Law, Kathleen A., Parry, Stephen, Bryan, Nicholas D., Heath, Sarah L., Heald, Steven M., Knight, Darrell, O’Brien, Luke, Fuller, Adam, Bower, William, Law, Gareth, & Livens, Francis. Plutonium Migration during the Leaching of Cemented Radioactive Waste Sludges. United States. doi:10.3390/geosciences9010031.
Law, Kathleen A., Parry, Stephen, Bryan, Nicholas D., Heath, Sarah L., Heald, Steven M., Knight, Darrell, O’Brien, Luke, Fuller, Adam, Bower, William, Law, Gareth, and Livens, Francis. Tue . "Plutonium Migration during the Leaching of Cemented Radioactive Waste Sludges". United States. doi:10.3390/geosciences9010031. https://www.osti.gov/servlets/purl/1491807.
@article{osti_1491807,
title = {Plutonium Migration during the Leaching of Cemented Radioactive Waste Sludges},
author = {Law, Kathleen A. and Parry, Stephen and Bryan, Nicholas D. and Heath, Sarah L. and Heald, Steven M. and Knight, Darrell and O’Brien, Luke and Fuller, Adam and Bower, William and Law, Gareth and Livens, Francis},
abstractNote = {One of the most challenging components of the UK nuclear legacy is Magnox sludge, arising from the corrosion of Mg alloy-clad irradiated metallic U fuel that has been stored in high pH ponds. The sludges mainly comprise Mg hydroxide and carbonate phases, contaminated with fission products and actinides, including Pu. Cementation and deep geological disposal is one option for the long-term management of this material, but there is a need to understand how Pu may be leached from the waste, if it is exposed to groundwater. Here, we show that cemented Mg(OH)2 powder prepared with Pu(IV)aq is altered on contact with water to produce a visibly altered ‘leached zone’, which penetrates several hundred microns into the sample. In turn, this zone shows slow leaching of Pu, with long-term leaching rates between 1.8–4.4 × 10-5% of total Pu per day. Synchrotron micro-focus X-ray fluorescence mapping identified decreased Pu concentration within the ‘leached zone’. A comparison of micro-focus X-ray absorption spectroscopy (µ-XAS) spectra collected across both leached and unleached samples showed little variation, and indicated that Pu was present in a similar oxidation state and coordination environment. Fitting of the XANES spectra between single oxidation state standards and EXAFS modeling showed that Pu was present as a mixture of Pu(IV) and Pu(V). The change in Pu oxidation from the stock solution suggests that partial Pu oxidation occurred during sample ageing. Similarity in the XAS spectra from all samples, with different local chemistries, indicated that the Pu oxidation state was not perturbed by macro-scale variations in cement chemistry, surface oxidation, sample aging, or the leaching treatment. These experiments have demonstrated the potential for leaching of Pu from cementitious waste forms, and its underlying significance requires further investigation.},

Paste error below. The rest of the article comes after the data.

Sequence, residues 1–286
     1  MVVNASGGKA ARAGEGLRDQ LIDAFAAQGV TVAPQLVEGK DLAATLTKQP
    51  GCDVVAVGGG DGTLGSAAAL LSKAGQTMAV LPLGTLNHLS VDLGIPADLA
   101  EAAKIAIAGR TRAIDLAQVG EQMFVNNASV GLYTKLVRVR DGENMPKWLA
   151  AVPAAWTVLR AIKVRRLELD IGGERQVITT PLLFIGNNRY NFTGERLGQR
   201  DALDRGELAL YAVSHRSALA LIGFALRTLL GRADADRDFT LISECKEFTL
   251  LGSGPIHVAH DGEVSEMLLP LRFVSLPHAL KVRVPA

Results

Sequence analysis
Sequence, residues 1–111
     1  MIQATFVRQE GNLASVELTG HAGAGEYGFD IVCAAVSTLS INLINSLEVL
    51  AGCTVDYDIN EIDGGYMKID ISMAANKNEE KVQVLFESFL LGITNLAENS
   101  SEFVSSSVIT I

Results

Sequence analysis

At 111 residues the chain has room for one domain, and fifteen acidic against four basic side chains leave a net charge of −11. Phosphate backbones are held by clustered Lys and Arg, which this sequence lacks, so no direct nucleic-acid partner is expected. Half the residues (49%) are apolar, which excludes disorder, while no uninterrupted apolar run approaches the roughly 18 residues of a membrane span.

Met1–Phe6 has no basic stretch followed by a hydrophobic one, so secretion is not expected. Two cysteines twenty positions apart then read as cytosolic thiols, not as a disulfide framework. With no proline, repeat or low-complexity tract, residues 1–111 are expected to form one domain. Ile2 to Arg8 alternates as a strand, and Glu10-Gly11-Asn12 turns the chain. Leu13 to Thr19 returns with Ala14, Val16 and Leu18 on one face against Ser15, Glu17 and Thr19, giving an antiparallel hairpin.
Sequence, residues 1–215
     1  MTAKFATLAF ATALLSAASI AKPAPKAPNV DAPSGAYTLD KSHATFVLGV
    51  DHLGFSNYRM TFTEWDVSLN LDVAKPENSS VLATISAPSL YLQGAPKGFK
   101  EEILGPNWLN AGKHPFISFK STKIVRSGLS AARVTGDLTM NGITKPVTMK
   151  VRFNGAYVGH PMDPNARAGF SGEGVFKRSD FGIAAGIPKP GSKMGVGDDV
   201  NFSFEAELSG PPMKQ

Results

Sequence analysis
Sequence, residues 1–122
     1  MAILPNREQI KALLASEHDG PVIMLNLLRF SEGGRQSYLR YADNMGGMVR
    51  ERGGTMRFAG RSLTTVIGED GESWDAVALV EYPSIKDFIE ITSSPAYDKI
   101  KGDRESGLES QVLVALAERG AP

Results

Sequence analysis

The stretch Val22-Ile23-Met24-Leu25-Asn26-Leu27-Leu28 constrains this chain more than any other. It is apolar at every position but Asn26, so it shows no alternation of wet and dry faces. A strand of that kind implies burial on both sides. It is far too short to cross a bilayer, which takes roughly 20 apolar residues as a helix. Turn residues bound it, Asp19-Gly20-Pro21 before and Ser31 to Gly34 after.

doi = {10.3390/geosciences9010031},
journal = {Geosciences},
number = 1,
volume = 9,
place = {United States},
year = {2019},
month = {1}
}

Journal Article:
Free Publicly Available Full Text
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Figures / Tables:

Table 1. Table 1.: Summary of Pu-containing sample preparation and pre-treatment. Samples containing 239Pu were used for leaching experiments, while those containing 242Pu were used for spectroscopic studies. Leached and unleached examples of the 242Pu-containing samples were prepared.